4. 4. 4 Chinmaya Mission “To provide to individuals from any background, the wisdom of Vedanta and the practical means for spiritual growth and happiness, enabling them to become positive contributors to society” Product Package Packaging of the services offered by the Brands are very important. The music, types of text, additional services, food, all determine whether people come for a sermon. And whether they continue to contribute to the cause depends on the causes espoused. Outside of the government it is the religious institutions that have the most number of educational institutions running in the country. These institutions take all types of hues and sizes. From primary school and kindergarten to professional post graduate colleges. From stand alone institutes to global chains. From Hindus to Christians to Muslims. Chinmaya, Don Bosco, Amrita, Christ… the list goes on. If you look at the charitable activities you find that Spiritual Brands are again in the forefront. They conduct blood donation camps, they are there to take care of the homeless, the tsunami victims… Table 2 Services offered Missionaries of Charity • There are 19 homes in Kolkatta which cater to refugees, ex- prostitutes, the mentally ill, sick children, abandoned children, lepers, AIDS victims, the aged, and convalescent. • Schools run by volunteers to educate street children • Soup kitchens, hospices as well as many other services as per the communities needs. Chinmaya Mission • Management Courses and Services • Medical Services and Training • Senior citizens' homes • Publications • Research in Sanskrit and Indology • Rural Village Development Projects • Schools and Colleges United Way • Helping children and youth succeed through engagement • Strengthening and supporting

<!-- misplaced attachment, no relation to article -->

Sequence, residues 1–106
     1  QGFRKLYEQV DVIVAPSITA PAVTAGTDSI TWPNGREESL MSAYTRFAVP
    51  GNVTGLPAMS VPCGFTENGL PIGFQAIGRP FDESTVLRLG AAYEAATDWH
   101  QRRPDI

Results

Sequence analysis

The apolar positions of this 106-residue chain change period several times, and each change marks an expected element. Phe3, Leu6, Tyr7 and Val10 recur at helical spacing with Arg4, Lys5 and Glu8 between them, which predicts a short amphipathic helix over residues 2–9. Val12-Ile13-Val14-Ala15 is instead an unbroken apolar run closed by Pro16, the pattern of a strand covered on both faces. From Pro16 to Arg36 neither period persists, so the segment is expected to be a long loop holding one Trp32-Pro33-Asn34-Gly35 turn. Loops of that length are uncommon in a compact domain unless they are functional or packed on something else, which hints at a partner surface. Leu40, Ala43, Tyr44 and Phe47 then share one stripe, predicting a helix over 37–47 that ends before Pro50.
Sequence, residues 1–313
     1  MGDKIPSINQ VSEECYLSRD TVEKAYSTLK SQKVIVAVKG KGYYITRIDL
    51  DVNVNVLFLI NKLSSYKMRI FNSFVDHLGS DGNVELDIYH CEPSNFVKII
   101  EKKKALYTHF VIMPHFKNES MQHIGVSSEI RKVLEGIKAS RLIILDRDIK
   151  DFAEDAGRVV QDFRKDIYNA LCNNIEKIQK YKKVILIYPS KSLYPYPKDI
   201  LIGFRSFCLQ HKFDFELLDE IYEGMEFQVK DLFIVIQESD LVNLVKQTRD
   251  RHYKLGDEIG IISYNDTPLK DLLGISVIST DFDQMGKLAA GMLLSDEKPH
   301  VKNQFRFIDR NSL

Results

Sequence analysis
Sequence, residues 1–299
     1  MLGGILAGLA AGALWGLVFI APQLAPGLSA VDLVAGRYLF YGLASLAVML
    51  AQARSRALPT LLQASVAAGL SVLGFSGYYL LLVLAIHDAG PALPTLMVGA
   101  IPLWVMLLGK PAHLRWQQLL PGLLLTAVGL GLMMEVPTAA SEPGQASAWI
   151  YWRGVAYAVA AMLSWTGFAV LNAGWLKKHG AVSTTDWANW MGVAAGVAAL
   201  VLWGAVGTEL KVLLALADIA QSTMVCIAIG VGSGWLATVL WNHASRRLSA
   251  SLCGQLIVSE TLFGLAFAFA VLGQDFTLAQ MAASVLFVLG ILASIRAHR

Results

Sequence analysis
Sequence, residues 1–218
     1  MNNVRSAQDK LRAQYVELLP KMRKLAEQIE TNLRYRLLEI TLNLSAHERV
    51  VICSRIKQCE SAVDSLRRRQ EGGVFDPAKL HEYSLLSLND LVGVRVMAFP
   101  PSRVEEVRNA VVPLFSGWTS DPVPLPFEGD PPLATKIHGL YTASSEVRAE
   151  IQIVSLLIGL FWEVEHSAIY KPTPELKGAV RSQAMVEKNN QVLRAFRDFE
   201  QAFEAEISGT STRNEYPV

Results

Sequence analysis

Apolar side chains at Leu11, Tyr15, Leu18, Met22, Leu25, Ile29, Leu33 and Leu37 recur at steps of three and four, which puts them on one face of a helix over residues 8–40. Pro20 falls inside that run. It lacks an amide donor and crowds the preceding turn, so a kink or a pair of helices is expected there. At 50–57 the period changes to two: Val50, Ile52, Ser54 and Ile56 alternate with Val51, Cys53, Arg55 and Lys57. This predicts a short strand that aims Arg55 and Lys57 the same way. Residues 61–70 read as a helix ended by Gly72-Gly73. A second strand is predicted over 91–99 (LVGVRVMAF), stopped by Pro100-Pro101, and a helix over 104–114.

5. 5. 5 families • Improving access to health care • Promoting financial stability Mata Amritananda Mayi Math • Schools to colleges of higher education • Multi speciality hospitals • Soup kitchens • Providing homes to the homeless • Succour to the victims of natural disasters like Tsunami, Katrina.. Art of Living • Organise Executive Training programmes • Various levels of education • Trauma relief in areas of trauma and disaster Prasanna Trust • Home for homeless • Education and executive training • Blood donation camps Of course churches, mosques and religious institutions of other denominations have always been educators, but of a spiritual kind rather than anything material. In fact the church was very critical of the natural sciences. Then how come things changed? And why did they start diversifying, both concentric and conglomerate? The question here is, if the need has been delinated is the product and services offered suitable to satisfy the need? Competition If anybody thought that consumer products are having a tough time of it with massive competition then there is another category where competition is even fiercer, if that is possible. It is among the spiritual brands. Once the fear factor of God diminished people started moving away from religion. They had also to fight against the different media of entertainment as a leisure time activity. With the choice available in the religious market place the competition also hotted up. On the demand side things were not looking up and on the supply side the numbers were going up. But luckily for these brands the stresses and strains of everyday life had started to catch up with people and they needed a prop very badly. Just that the offerings had to be more stress reductive than salvation more therapeutical than theological3 . What differentiates many of these brands from consumer ones is the fact that many are unwilling to look at competition as enemies. On the other hand they study them and find out things that are of worth in each and incorporate them into their own teachings albeit under different names and words.